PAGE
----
INDIANAPOLIS (AP) _ Mourners hoping to get their loved ones to the cemetery in comfort may want to consider the latest in funeral coaches: one with velvet seats and options like a stereo, refrigerator and microwave oven.

The Airstream Family Funeral Coach gets 9 to 12 miles per gallon and eliminates traffic snarls resulting from caravans of mourners traveling to the cemetery, according to its manufacturer.

All this comfort and practicality doesn't come cheap, however. Funeral home directors can expect to pay $52,000 to $73,000 for the aluminum coaches.

The 28-foot vehicle constructed from a motor home chassis can carry 16 people up front and the dear departed in a separate compartment toward the rear. The casket can be surrounded by shelves of flowers and be bathed in spotlight.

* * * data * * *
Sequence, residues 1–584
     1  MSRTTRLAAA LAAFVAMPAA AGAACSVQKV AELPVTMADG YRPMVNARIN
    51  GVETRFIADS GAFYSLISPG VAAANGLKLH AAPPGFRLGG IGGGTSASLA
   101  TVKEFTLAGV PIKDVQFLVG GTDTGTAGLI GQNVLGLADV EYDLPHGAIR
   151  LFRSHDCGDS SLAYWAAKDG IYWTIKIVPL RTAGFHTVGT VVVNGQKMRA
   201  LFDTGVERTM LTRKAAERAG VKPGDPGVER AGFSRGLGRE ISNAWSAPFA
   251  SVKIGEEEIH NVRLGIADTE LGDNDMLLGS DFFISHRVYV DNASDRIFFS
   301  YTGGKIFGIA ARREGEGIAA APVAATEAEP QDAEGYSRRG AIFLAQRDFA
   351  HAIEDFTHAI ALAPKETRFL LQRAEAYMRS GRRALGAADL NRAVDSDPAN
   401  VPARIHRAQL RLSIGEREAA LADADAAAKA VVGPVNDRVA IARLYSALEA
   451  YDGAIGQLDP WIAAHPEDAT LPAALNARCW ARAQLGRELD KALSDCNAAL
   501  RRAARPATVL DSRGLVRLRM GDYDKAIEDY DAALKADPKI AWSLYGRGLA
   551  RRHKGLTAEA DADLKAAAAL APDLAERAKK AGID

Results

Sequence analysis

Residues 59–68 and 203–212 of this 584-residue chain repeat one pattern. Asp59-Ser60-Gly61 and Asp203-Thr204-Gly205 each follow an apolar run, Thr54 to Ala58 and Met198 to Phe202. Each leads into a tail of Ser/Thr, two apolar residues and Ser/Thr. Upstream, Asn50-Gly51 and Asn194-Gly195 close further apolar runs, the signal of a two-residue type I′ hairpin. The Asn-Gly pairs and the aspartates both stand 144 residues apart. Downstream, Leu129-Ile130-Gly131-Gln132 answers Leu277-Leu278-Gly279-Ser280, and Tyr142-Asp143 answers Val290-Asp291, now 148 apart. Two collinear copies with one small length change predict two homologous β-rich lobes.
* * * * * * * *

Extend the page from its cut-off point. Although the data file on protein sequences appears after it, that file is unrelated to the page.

''Some of the relatives may not have seen each other for 20 years,'' said Karl H. Croel, salesman for the Ohio-based Airstream. ''The time that they get a chance to talk together is when they're together in the privacy of this coach.''

Airstream displayed one of its coaches at a recent funeral directors' meeting in Indianapolis.

Needham-Storey Funeral Service, which has funeral homes in Marion and Gas City, owns one: a strictly no-frills model lacking many of Airstream's available amenities, such as lavatory.

''We were somewhat skeptical, but we still voted to go ahead and buy it,'' said Steven Wampner, co-owner of Needham-Storey. ''We knew, without a doubt, that it is the (funeral) vehicle of the future.''

Not every funeral director liked the silver-and-black vehicle.

''I think it's a little much,'' said Christina Burkholder, who works at her family's funeral home in Seymour.

She said a hearse or a limousine commands respect. But if onlookers saw the Airstream coach cruising down the street: ''You'd think it was the Brady Bunch going to the Grand Canyon.''